We're taking a bit of a breather while the world rearranges its underpants. Meanwhile, the other blog is here.

Tuesday, July 24, 2007

To a young ass, its mother being tethered

I have had this conversation three times so far this week, with slight variations in vocabulary.

"What does it mean when it says that an item at Glass Road is marked: 'Unavailable for reservation; at old site.'?"

"It means that the item is unavailable for reservation because it's been left behind at the old site."

"So we can't reserve that item?"

"No. It's unavailable for reservation."

"Why is it unavailable for reservation?"

"Because it's been packed away in one of the boxes piled up at the old Glass Road site. It'll probably be coming back here, everything else does."

"So I could place a reservation on it and then when the boxes are sent to Helminthdale someone could look for it in the boxes and then send it to us."

"No. These items are not available for reservation."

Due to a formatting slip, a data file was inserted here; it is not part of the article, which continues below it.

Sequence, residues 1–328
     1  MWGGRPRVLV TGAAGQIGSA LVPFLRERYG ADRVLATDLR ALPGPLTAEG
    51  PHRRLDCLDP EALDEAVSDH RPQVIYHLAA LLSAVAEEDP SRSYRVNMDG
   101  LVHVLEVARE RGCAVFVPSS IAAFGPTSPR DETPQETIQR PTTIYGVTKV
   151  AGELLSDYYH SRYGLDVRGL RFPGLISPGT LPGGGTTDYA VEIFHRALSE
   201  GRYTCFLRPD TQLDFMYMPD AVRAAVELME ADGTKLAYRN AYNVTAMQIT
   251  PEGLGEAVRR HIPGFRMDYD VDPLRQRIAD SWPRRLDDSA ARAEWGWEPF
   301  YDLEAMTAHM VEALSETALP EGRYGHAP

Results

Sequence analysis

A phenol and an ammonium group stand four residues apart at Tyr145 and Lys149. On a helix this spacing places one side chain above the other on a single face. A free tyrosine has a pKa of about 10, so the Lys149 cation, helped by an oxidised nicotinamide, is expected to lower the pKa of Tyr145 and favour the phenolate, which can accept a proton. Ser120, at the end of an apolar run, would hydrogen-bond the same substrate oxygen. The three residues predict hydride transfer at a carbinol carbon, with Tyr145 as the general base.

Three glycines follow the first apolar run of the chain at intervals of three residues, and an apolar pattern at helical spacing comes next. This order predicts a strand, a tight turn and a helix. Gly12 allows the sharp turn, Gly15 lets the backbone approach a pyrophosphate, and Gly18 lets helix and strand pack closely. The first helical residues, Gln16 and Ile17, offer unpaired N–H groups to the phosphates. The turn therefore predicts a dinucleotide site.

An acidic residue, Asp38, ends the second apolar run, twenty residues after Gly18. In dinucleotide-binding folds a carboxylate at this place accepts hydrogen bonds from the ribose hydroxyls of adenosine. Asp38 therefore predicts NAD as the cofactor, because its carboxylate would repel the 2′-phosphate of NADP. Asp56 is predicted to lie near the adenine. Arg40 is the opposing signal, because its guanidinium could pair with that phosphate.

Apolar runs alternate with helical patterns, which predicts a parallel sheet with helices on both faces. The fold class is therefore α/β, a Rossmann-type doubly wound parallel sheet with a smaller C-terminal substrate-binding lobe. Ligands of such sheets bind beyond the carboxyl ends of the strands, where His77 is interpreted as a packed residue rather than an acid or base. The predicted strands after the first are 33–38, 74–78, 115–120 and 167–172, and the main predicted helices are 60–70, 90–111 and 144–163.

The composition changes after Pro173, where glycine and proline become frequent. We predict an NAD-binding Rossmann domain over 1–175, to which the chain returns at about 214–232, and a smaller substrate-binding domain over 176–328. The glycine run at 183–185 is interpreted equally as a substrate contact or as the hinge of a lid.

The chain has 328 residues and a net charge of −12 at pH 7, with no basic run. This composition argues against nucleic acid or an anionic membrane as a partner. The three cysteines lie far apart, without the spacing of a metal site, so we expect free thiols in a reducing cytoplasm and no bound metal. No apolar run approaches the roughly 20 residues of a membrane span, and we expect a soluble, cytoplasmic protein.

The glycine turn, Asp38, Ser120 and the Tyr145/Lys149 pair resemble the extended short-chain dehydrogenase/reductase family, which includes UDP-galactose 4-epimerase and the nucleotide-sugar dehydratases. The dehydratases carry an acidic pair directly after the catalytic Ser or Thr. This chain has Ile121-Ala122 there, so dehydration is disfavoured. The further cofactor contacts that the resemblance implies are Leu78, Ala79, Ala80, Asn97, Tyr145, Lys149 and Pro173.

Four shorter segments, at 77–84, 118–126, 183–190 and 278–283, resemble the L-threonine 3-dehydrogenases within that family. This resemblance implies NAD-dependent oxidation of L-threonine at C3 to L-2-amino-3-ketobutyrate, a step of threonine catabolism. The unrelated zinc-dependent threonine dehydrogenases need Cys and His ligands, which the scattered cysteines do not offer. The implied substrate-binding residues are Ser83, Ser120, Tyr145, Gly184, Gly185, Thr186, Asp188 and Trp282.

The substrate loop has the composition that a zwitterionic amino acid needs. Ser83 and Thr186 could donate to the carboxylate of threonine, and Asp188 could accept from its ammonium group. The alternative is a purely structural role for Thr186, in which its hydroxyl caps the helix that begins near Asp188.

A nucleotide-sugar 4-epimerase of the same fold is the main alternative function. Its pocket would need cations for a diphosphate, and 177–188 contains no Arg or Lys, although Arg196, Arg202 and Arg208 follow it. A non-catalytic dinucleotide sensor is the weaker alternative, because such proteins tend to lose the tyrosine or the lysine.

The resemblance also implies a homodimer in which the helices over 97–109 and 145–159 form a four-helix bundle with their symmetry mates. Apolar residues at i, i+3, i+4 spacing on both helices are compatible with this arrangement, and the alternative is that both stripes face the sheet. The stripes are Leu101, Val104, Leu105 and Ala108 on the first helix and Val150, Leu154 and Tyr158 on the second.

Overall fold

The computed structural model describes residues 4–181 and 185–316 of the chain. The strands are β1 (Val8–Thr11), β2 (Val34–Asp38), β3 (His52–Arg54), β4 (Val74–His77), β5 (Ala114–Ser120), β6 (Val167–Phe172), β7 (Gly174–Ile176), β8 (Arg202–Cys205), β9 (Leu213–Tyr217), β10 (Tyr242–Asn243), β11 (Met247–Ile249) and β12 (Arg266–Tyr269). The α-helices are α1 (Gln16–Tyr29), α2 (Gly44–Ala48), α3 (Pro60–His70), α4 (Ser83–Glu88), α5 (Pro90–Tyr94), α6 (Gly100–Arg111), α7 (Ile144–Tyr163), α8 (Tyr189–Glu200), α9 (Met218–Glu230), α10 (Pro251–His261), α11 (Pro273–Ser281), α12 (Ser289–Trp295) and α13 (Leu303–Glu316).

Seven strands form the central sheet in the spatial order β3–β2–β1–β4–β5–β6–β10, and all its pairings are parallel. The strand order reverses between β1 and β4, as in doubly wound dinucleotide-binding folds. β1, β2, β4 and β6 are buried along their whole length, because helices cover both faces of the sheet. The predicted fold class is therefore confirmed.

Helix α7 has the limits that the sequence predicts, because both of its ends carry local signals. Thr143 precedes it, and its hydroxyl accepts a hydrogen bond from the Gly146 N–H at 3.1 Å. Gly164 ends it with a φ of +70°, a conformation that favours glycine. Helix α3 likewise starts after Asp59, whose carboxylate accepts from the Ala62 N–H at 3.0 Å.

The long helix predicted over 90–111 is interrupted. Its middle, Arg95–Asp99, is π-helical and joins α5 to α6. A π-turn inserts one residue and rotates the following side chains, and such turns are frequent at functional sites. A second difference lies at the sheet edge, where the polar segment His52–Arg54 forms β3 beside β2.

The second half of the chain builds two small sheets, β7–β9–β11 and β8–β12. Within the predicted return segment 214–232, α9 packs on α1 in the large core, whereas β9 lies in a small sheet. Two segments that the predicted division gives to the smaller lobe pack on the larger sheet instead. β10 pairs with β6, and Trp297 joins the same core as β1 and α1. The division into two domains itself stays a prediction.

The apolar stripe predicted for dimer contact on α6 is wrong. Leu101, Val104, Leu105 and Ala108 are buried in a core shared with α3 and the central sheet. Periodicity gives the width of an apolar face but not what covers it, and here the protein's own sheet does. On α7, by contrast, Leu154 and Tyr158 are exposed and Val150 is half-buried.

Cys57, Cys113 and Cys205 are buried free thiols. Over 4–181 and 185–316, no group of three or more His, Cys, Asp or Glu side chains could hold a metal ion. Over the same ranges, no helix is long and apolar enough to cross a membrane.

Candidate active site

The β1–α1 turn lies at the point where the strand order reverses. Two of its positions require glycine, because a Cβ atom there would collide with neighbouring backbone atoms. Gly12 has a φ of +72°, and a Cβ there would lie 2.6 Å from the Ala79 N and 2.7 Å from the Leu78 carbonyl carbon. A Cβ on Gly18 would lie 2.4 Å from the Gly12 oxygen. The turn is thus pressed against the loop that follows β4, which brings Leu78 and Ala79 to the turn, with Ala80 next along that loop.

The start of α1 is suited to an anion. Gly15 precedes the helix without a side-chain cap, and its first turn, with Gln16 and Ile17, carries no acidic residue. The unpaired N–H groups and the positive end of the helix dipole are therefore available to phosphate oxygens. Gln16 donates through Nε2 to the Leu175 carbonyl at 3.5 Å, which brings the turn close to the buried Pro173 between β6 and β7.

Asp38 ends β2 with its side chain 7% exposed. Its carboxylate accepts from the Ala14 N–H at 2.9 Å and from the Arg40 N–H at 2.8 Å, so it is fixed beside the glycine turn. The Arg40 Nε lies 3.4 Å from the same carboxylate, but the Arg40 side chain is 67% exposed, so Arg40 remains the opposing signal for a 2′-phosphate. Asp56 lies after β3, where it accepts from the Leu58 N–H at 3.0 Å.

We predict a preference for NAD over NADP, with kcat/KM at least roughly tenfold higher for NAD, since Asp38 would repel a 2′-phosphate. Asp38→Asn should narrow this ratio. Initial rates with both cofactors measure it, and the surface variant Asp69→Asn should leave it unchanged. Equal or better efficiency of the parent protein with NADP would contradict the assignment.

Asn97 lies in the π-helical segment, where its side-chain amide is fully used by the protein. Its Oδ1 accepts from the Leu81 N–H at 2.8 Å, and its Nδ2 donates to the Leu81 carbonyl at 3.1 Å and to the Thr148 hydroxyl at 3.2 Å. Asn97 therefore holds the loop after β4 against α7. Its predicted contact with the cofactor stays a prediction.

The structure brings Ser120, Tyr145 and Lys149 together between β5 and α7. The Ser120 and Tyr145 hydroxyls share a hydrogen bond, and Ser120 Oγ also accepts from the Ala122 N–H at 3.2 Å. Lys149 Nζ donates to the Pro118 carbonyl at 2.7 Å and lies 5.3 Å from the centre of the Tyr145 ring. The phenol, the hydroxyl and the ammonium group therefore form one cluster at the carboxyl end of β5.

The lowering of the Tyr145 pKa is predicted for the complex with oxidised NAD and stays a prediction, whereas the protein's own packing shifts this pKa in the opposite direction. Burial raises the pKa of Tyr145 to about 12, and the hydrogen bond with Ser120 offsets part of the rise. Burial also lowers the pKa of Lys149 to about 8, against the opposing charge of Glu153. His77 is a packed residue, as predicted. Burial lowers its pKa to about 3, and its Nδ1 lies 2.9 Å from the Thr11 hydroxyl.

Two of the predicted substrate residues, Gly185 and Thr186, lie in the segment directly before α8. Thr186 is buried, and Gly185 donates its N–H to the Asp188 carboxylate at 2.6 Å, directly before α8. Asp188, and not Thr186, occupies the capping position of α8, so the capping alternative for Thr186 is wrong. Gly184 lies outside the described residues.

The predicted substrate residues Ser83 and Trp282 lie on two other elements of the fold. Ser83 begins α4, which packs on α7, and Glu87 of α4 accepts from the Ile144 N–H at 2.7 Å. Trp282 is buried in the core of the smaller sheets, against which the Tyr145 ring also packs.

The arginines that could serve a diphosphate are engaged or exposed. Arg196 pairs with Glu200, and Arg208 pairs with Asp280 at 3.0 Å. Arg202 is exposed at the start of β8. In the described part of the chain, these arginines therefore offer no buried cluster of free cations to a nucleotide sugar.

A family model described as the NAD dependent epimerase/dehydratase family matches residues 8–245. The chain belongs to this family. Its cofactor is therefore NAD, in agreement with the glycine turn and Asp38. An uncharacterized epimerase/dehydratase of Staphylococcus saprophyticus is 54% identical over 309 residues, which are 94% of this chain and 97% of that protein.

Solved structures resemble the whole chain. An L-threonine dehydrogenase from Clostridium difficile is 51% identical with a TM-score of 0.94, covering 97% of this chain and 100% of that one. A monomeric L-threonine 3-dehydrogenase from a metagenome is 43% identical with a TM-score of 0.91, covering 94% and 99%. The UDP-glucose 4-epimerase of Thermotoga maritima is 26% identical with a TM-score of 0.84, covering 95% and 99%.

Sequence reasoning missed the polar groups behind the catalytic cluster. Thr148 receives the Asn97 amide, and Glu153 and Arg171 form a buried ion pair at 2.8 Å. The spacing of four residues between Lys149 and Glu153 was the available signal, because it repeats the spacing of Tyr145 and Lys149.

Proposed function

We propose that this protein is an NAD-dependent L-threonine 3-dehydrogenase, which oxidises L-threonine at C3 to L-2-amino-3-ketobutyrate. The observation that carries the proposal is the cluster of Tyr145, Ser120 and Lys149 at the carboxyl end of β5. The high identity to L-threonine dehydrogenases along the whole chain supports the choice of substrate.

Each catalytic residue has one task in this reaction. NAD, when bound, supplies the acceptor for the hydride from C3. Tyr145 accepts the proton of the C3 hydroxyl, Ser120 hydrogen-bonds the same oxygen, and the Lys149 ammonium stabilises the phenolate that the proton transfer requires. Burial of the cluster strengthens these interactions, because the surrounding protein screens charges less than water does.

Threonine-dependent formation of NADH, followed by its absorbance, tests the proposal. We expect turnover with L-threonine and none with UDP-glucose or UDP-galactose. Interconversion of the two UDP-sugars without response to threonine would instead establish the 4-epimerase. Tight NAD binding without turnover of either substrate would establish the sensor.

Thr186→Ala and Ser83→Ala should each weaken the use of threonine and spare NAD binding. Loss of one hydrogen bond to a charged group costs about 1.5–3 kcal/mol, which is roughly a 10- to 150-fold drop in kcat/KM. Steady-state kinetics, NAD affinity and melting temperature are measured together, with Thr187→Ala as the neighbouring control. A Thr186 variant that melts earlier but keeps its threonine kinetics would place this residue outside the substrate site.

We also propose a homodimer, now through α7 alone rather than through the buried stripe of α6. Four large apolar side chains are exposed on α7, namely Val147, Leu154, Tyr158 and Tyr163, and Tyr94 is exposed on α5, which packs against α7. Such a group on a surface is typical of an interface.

"So what happens if a borrower wants to reserve it?"

"If you choose to borrow a set of keys, go over to the old site, open up, rummage through the boxes, take the book back to your library -- having tidied up and locked up behind you -- then discharge the book on the circulation system and thus make it available for reservation then I can't see that there's anything I could do about it."

"I can't understand why we can't reserve these items."
The answer to this last is either "because you're too stupid for words" or "yes you can but you don't like the answer." I should let gentler souls than mine decide on which.

1 comment:

Webrarian said...

In my experience, the next conversation goes like this:

"What was the book you wanted, anyway?"

"Harry Potter and Half-blood Prince."

"Why are you trying to reserve that copy when there are plenty more in stock?"

"Oh, are there? How do you know that?"

There is a slight variation which goes:

"What was the book you wanted, anyway?"

"An Introduction to Table-napkin Folding."

"Did your borrower say they wanted a book published in 1962?"

"No, but it was the first one in the list on the catalogue."